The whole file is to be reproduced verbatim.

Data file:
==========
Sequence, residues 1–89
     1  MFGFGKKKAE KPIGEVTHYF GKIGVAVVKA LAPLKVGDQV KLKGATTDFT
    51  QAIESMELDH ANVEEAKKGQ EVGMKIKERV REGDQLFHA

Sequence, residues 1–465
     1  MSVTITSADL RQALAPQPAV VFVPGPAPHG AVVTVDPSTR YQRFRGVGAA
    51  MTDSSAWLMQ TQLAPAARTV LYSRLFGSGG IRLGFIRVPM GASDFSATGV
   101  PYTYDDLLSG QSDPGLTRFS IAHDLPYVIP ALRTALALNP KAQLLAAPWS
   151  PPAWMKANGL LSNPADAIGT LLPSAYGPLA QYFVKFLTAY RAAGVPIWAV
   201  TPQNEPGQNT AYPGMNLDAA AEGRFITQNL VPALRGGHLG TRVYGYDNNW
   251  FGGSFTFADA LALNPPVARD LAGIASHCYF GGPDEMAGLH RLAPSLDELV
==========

Sequence, residues 1–89
     1  MFGFGKKKAE KPIGEVTHYF GKIGVAVVKA LAPLKVGDQV KLKGATTDFT
    51  QAIESMELDH ANVEEAKKGQ EVGMKIKERV REGDQLFHA

Sequence, residues 1–465
     1  MSVTITSADL RQALAPQPAV VFVPGPAPHG AVVTVDPSTR YQRFRGVGAA
    51  MTDSSAWLMQ TQLAPAARTV LYSRLFGSGG IRLGFIRVPM GASDFSATGV
   101  PYTYDDLLSG QSDPGLTRFS IAHDLPYVIP ALRTALALNP KAQLLAAPWS
   151  PPAWMKANGL LSNPADAIGT LLPSAYGPLA QYFVKFLTAY RAAGVPIWAV
   201  TPQNEPGQNT AYPGMNLDAA AEGRFITQNL VPALRGGHLG TRVYGYDNNW
   251  FGGSFTFADA LALNPPVARD LAGIASHCYF GGPDEMAGLH RLAPSLDELV